Read the full story in The Free Press

Talk and Book Signing for 1816: The Year That Summer Never Came, at Penobscot Marine Museum

1816 is called “The Year Without A Summer”.  During that summer wild temperature swings produced snow and frost which killed crops and caused famines and food shortages world-wide.  On Saturday, August 23rd at 2:00 pm, Penobscot Marine Museum hosts author Mayra Donnell, who will talk about her children’s book 1816: The Year That Summer Never Came. Donnell’s noveltellsthestory of a young girl who records in her diary what Maine life was like in the bizarre weather of the year 1816, with ice and frozen apple blossoms in May and a snow storm in June. Learn the true story of the massive volcano eruption which most scientist now believe caused the year of unusual weather. This talk and book signing is in Penobscot Marine Museum’s Main Street Gallery, 40 East Main Street, Searsport, Maine. Admission is free.

1816: The Year That Summer Never Came by Mayra Donnell

1816: The Year That Summer Never Came by Mayra Donnell

Penobscot Marine Museum, 40 East Main Street, Searsport, Maine is an historic seaport village which entertains the whole family with fun hands-on activities, a beautifully furnished ship captain’s house, stunning displays of scrimshaw and marine paintings, E.B. White’s sail boat and much more.  The Museum is open Monday through Saturday, 10:00 am to 5:00 pm, and Sunday noon to 5:00 pm, May 24th through October 19th.  For more information on Museum events, exhibits and programs, go to www.penobscotmarinemuseum.org or call 207-548-2529 or 0334.

World Ocean Observatory Director to Speak at Penobscot Marine Museum

On Thursday, August 21st at 7:00 pm, Peter Neill, director of the World Ocean Observatory will present The Sea Connects All Things, an illustrated talk on the ocean as an integrated global social system.  Neill will suggest actions, beyond the predictable conventions, for organizations and individuals to adopt as innovative strategies for the future.  Peter Neill has appeared on television documentaries on PBS, A&E, Discovery and National Geographic Society productions. This talk is at Penobscot Marine Museum’s Main Street Gallery, 40 East Main Street, Searsport, Maine.  Tickets are $8 for museum members and Searsport residents, and $10 for non-members.

World Ocean Observatory Director Peter Neill

World Ocean Observatory Director Peter Neill

The World Ocean Observatory advocates for the ocean through independent, responsible, apolitical science, and is dedicated to advancing public understanding of ocean issues through institutional collaboration and partnerships,  pro-active programs, and connection with individual subscribers around the world.  It was founded in 2004 as a recommendation of the 1998 Independent World Commission on the Future of the Oceans.  Peter Neill has also served as President of the South Street Seaport Museum, New York, and as Director for Maritime Preservation for the National Trust for Historic Preservation.   He is a Trustee of Penobscot Marine Museum.

Penobscot Marine Museum, 40 East Main Street, Searsport, Maine is an historic seaport village which entertains the whole family with fun hands-on activities, a beautifully furnished ship captain’s house, stunning displays of scrimshaw and marine paintings, E.B. White’s sail boat and much more.  The Museum is open Monday through Saturday, 10:00 am to 5:00 pm, and Sunday noon to 5:00 pm, May 24th through October 19th.  For more information on Museum events, exhibits and programs, go to www.penobscotmarinemuseum.org or call 207-548-2529 or 0334.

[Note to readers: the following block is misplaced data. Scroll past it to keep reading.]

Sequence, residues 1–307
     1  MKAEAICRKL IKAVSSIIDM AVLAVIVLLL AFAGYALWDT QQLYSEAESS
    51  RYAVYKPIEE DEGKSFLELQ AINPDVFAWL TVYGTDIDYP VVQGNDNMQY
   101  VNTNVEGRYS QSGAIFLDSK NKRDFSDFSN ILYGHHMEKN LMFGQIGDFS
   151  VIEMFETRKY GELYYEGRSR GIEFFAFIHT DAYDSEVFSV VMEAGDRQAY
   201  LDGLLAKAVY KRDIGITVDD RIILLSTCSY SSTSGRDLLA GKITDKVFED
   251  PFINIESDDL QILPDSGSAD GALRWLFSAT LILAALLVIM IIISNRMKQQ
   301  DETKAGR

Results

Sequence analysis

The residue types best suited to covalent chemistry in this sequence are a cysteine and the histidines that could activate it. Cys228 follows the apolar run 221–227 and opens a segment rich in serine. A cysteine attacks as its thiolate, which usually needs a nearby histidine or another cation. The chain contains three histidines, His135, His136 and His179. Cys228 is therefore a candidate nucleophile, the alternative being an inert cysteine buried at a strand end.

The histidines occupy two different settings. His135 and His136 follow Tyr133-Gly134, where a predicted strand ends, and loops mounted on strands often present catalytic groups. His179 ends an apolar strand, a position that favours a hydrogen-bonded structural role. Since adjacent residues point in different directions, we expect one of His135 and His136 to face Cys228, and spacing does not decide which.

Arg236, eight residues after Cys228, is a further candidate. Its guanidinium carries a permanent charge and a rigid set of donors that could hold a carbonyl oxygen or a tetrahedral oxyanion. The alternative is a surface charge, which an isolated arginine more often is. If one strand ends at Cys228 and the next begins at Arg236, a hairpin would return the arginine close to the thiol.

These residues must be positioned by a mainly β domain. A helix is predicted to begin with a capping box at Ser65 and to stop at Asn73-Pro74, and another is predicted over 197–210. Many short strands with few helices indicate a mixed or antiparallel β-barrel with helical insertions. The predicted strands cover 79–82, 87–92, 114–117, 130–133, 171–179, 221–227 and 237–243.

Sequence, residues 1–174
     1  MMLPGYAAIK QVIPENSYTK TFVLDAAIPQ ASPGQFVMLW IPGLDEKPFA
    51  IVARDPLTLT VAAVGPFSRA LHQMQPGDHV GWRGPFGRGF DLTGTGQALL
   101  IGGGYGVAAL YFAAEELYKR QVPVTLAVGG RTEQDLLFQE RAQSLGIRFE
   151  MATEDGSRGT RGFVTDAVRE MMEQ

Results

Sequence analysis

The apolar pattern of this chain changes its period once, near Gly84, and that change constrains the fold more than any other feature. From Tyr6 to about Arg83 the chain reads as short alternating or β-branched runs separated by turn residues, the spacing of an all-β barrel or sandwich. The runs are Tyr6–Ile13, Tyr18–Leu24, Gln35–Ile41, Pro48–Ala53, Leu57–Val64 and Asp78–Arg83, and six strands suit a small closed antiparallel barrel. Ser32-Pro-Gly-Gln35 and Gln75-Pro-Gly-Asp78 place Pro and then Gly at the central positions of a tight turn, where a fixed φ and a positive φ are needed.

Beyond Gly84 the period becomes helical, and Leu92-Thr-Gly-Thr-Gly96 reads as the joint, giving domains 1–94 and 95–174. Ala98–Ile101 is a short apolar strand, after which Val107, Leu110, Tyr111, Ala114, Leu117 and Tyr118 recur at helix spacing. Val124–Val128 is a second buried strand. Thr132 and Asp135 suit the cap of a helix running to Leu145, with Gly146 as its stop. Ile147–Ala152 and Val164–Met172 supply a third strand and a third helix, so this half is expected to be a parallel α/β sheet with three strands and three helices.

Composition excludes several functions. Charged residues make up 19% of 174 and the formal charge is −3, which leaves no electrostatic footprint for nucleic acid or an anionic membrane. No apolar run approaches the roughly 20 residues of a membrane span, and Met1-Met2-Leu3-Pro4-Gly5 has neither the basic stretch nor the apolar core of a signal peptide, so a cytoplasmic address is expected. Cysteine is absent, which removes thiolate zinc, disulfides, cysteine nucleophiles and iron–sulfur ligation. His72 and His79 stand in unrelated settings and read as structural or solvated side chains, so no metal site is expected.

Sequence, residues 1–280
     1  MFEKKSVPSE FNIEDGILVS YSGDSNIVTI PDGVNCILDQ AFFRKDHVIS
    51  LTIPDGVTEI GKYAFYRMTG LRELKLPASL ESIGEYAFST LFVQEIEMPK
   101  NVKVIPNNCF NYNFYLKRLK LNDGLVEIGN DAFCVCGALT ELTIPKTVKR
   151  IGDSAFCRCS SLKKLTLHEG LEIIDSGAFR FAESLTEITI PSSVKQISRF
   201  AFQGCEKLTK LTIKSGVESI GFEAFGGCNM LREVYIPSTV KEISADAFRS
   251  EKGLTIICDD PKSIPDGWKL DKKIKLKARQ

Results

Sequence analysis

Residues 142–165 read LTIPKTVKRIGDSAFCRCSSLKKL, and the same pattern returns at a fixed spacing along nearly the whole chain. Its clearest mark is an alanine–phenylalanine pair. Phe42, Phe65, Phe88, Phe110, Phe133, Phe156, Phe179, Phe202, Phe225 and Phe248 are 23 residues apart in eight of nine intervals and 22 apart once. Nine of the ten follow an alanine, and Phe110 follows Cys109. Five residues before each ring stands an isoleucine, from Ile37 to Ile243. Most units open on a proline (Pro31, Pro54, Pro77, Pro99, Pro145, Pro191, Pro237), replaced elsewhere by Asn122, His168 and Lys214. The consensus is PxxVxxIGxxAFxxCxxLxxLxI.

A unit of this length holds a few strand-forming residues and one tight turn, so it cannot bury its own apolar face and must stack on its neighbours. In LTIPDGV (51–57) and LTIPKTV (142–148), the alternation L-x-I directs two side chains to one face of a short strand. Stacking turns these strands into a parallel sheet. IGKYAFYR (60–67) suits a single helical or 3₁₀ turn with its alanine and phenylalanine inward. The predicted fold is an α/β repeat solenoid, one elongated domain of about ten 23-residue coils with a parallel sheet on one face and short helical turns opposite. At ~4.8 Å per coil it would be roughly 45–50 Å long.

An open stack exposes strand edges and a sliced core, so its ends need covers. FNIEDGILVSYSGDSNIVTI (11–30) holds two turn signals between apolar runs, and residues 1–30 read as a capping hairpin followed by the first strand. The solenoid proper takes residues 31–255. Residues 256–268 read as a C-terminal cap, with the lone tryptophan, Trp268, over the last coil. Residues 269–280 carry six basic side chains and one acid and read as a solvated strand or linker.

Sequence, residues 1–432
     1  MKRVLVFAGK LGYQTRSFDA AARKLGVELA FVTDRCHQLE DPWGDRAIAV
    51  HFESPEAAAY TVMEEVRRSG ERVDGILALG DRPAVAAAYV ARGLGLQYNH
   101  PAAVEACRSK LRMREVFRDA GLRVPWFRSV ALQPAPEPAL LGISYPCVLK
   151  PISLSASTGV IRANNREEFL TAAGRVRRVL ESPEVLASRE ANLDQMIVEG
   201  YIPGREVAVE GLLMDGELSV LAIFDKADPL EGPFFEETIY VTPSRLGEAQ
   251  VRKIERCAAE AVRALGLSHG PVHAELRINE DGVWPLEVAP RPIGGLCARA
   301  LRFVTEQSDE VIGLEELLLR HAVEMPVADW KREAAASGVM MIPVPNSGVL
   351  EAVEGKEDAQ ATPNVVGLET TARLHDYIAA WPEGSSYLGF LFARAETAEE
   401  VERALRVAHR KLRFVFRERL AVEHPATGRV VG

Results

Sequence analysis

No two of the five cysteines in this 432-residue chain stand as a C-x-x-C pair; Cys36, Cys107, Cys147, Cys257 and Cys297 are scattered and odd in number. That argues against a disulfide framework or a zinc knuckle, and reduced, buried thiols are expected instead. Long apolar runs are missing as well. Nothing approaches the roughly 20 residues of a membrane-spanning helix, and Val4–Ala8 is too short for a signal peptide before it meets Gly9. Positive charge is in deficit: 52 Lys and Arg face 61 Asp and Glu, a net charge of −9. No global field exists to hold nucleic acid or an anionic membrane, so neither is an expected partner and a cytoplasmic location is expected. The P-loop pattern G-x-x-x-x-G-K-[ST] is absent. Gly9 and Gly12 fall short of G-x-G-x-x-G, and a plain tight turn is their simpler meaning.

Penobscot Marine Museum’s Historic Photography Exhibit Now in Deer Isle

Penobscot Marine Museum’s historic photography exhibit Hancock County Through Eastern’s Eye is now at the Island Heritage Trust barn, in Deer Isle, Maine.  The photographs in Hancock County Through Eastern’s Eye are of places people loved a century ago, when the owner of Eastern Illustrating sent his crews with their box cameras into tiny towns telling them to ask local citizens what they should photograph, what was important to them about their town.   This exhibit is hosted by the Deer-Isle-Stonington Historical Society, and will be at the Island Heritage Trust barn, 420 Sunset Rd., Deer Isle, through August 31st.

Stonington, Maine courtesy Penobscot Marine Museum

Stonington, Maine courtesy Penobscot Marine Museum

An online exhibit on Penobscot Marine Museum’s website www.penobscotmarinemuseum.org includes many additional Hancock County images.   The Eastern collection is the largest single photographic collection in Maine, consisting of nearly 50,000 images of Maine and the rest of New England and upstate New York. Most of the photos are on glass-plate negatives.   The Penobscot Marine Museum is raising funds to acquire more of Eastern’s negatives, and has recently added a searchable database online to their website which includes nearly 30,000 Eastern Illustrating photographs. Photo prints are available from the museum, with proceeds from their sale going to expand the collection.  The exhibit was funded in part by a grant from the National Endowment of the Arts and is part of four county exhibits the Penobscot Marine Museum will produce.

Exhibit hours are Monday through Friday, 8:00 am to 4:00 pm, Saturday and Sunday 10:00 am to 3:00 pm.  The exhibit is free.  For more information go to www.penobscotmarinemuseum.org or www.dis-historicalsociety.org.

Penobscot Marine Museum is in Searsport, Maine and has seven new exhibits and over fifty programs and events during the 2014 season.  Its three acre, ten building campus is  open Monday through Saturday, 10:00 am to 5:00 pm, and Sunday noon to 5:00 pm, through Sunday, October 19.